Weakened by the Wind and the Sun

Taormina by soyignatius (Flickr)Excerpt from Death In Bagheria, a work in progress

Thursday, March 24, 1870

While della Trabia locked the larder, Serafina looked around for Rosa. Nowhere. She began circling around to the back, slogging through dead weeds and found her, finally, poking at a lump of long grass and webs with the toe of her boot.

“What are you doing?”

“Making myself useful.” Rosa bent to pick up part of the tangle and came up with a crumpled note, torn and faded, weakened by the wind and the sun. She held it out to Serafina. “Probably nothing.”

Gently, Serafina smoothed out the paper as best she could, but it was so old and weathered, that a corner of it crumbled at her touch.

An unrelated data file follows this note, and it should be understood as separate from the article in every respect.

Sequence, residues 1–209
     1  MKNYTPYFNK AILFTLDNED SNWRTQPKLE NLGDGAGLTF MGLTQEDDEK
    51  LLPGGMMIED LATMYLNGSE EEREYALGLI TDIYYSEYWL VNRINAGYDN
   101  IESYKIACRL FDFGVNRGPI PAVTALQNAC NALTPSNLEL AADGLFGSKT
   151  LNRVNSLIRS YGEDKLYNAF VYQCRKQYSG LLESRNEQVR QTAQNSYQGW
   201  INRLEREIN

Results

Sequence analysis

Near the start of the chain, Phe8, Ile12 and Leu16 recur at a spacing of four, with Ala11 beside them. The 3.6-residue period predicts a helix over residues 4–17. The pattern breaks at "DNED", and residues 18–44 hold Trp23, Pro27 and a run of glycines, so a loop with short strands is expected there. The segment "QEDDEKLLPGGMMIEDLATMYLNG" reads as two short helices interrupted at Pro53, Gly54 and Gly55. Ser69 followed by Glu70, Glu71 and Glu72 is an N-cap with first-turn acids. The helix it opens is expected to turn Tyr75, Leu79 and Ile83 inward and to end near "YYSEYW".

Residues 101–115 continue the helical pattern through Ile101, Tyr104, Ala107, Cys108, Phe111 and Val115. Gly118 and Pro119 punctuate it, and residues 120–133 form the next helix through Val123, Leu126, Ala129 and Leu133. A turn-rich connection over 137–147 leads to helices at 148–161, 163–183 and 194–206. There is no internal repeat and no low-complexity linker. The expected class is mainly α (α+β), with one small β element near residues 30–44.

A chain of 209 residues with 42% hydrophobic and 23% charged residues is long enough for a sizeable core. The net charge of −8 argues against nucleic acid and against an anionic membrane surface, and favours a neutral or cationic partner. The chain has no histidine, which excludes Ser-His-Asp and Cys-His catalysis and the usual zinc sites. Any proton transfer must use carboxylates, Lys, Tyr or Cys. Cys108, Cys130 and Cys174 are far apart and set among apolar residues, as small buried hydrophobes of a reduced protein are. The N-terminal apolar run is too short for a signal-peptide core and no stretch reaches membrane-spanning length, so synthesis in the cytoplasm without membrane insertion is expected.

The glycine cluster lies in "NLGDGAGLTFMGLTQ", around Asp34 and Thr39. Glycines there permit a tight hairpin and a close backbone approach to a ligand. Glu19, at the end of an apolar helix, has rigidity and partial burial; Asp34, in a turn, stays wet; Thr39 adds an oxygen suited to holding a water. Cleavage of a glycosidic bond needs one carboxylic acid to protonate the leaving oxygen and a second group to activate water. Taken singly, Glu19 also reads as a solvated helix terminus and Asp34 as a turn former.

“We’ll be in residence a month if you don’t hurry.”

Serafina made no reply. She could barely read the notation, “5g.,” followed by a partial word “tri” and something else, so smudged that it was illegible.

“Keep it,” Rosa said.

Gently she stashed the dogeared note into her pocket. Serafina wondered where she’d seen the notation, 5g, before and wished, not for the first time, that Loffredo were here. Could be a doctor’s directive or a druggist’s cipher. Her son, Vicenzu, would know. She wrestled with the thought until she remembered a case she’d worked on two years ago where the victim was given a small dose of arsenic trioxide “to soften him up.” They had to be careful because “less than four grams would kill a man,” she remembered Loffredo saying. Could this paper have something to do with the chemical that slowly killed the baroness?

Photo: Taormina. Credit: soyignatius (Flickr), Creative Commons.

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